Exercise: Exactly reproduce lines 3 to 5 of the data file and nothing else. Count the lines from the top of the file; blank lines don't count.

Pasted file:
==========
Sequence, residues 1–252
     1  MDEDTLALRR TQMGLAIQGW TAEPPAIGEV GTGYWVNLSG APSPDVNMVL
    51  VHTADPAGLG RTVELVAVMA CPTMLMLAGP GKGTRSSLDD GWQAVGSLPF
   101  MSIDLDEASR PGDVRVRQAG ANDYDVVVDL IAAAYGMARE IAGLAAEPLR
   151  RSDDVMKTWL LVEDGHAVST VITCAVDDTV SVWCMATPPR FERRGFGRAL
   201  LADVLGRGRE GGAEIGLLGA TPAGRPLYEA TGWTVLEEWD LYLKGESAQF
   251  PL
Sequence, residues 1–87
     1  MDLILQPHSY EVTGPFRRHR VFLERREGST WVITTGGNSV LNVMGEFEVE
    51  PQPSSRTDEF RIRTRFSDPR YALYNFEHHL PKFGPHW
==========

    51  VHTADPAGLG RTVELVAVMA CPTMLMLAGP GKGTRSSLDD GWQAVGSLPF
   101  MSIDLDEASR PGDVRVRQAG ANDYDVVVDL IAAAYGMARE IAGLAAEPLR
   151  RSDDVMKTWL LVEDGHAVST VITCAVDDTV SVWCMATPPR FERRGFGRAL